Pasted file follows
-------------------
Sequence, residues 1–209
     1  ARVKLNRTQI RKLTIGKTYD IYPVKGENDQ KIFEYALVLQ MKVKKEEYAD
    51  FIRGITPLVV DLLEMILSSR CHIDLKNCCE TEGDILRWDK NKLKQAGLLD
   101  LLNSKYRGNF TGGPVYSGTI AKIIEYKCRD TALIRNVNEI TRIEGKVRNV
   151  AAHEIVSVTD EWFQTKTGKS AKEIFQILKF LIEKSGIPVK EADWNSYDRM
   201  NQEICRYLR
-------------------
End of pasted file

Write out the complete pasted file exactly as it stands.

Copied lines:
Sequence, residues 1–209
     1  ARVKLNRTQI RKLTIGKTYD IYPVKGENDQ KIFEYALVLQ MKVKKEEYAD
    51  FIRGITPLVV DLLEMILSSR CHIDLKNCCE TEGDILRWDK NKLKQAGLLD
   101  LLNSKYRGNF TGGPVYSGTI AKIIEYKCRD TALIRNVNEI TRIEGKVRNV
   151  AAHEIVSVTD EWFQTKTGKS AKEIFQILKF LIEKSGIPVK EADWNSYDRM
   201  NQEICRYLR